Kazakhstan alerts for methane leakage of more than 120 thousand tons

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In Kazakhstan, a methane leakage of 127,000 tons was reported, a major climate event that occurred from June to December 2023. This massive spill resulted in greenhouse gas emissions comparable to those generated by more than 700,000 cars in a year, ranking as the second largest known methane release, second only to the leak related to the Nord Stream pipeline sabotage in 2022.

The incident was documented by a collaborative study between the Netherlands Space Research Institute and the Polytechnic University of Valencia, using Kayrros satellite data.

The extent and duration of this leakage, according to Manfredi Caltagirone of the UN International Methane Emissions Observatory, are exceptionally abnormal and represent a significant climate challenge.

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Incident details and initial response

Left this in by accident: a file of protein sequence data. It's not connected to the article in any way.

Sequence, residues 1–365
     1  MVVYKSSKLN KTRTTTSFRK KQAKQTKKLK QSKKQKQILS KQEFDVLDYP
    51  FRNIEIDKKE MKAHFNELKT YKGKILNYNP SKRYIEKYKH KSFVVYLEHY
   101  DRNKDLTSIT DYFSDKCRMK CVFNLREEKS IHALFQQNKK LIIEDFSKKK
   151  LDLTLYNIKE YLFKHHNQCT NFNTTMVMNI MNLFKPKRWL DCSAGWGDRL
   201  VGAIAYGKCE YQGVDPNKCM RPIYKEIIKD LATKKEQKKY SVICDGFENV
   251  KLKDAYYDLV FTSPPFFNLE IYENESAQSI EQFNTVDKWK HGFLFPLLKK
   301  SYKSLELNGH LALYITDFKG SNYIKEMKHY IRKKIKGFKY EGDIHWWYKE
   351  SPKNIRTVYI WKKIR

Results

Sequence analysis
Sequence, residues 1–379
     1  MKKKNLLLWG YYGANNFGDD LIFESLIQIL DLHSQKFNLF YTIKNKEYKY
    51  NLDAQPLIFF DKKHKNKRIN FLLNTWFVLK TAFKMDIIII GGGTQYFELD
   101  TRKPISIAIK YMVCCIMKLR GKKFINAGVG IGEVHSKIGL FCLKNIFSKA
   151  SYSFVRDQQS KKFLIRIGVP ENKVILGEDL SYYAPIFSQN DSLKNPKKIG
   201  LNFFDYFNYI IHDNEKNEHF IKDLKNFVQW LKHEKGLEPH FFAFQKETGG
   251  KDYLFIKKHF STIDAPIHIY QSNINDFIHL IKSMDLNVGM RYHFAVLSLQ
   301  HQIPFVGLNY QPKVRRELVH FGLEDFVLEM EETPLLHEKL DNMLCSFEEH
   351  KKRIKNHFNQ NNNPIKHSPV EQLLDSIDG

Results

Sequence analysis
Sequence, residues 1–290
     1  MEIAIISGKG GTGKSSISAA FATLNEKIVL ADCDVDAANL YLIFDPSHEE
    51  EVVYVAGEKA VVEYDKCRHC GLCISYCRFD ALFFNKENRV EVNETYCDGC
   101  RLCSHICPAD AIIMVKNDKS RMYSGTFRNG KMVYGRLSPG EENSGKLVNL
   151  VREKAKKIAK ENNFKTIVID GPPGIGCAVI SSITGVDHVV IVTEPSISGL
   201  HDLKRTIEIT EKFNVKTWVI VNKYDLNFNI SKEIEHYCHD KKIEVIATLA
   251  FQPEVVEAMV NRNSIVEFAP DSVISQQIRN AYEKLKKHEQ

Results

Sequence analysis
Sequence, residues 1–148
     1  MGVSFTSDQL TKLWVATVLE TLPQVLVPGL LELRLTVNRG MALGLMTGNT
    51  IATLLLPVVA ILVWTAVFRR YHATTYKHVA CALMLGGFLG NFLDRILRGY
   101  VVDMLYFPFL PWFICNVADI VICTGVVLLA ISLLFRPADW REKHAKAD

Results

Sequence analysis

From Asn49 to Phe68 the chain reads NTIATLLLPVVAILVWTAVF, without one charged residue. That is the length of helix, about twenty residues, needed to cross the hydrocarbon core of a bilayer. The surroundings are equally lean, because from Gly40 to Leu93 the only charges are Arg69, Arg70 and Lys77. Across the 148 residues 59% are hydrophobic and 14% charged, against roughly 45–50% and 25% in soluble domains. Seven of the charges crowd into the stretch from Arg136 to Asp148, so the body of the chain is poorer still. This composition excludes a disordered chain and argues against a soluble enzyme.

The leak began with an explosion on June 9, 2023 in the Karaturun East field, causing a fire that compromised safety equipment and resulted in the well going out of control. Initial attempts to contain the leak, including injecting water into the well, were only partially successful in reducing it.

It was not until the end of the year, with the application of sludge through a deep probe, that the flow of methane was stopped. methane.

The accident after the methane leak

The analysis was based on the evaluation of 48 satellite surveys, which allowed scientists to estimate the well’s methane flux over six months. The results highlight the magnitude of the event in Kazakhstan, only eclipsed by the sabotage of Nord Stream 1 and 2, which resulted in even greater emissions.

The significant methane leakage in Kazakhstan underscores the urgent need to monitor and mitigate greenhouse gas emissions. This event not only highlights the technical and environmental challenges associated with the oil and gas industry, but also reinforces the importance of moving towards more sustainable practices and reducing our dependence on fossil fuels to protect the global climate.

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Source: sustainabilityenvironment.com